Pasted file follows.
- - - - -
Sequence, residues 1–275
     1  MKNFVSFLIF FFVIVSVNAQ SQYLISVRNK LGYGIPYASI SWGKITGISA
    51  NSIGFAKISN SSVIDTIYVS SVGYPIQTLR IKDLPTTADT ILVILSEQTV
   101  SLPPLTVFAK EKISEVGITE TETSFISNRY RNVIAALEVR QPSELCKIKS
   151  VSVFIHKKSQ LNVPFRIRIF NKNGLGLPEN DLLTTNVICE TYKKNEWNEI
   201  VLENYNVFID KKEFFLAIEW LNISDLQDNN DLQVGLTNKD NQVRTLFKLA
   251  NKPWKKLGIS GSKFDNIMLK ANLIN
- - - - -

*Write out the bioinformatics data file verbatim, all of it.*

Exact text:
Sequence, residues 1–275
     1  MKNFVSFLIF FFVIVSVNAQ SQYLISVRNK LGYGIPYASI SWGKITGISA
    51  NSIGFAKISN SSVIDTIYVS SVGYPIQTLR IKDLPTTADT ILVILSEQTV
   101  SLPPLTVFAK EKISEVGITE TETSFISNRY RNVIAALEVR QPSELCKIKS
   151  VSVFIHKKSQ LNVPFRIRIF NKNGLGLPEN DLLTTNVICE TYKKNEWNEI
   201  VLENYNVFID KKEFFLAIEW LNISDLQDNN DLQVGLTNKD NQVRTLFKLA
   251  NKPWKKLGIS GSKFDNIMLK ANLIN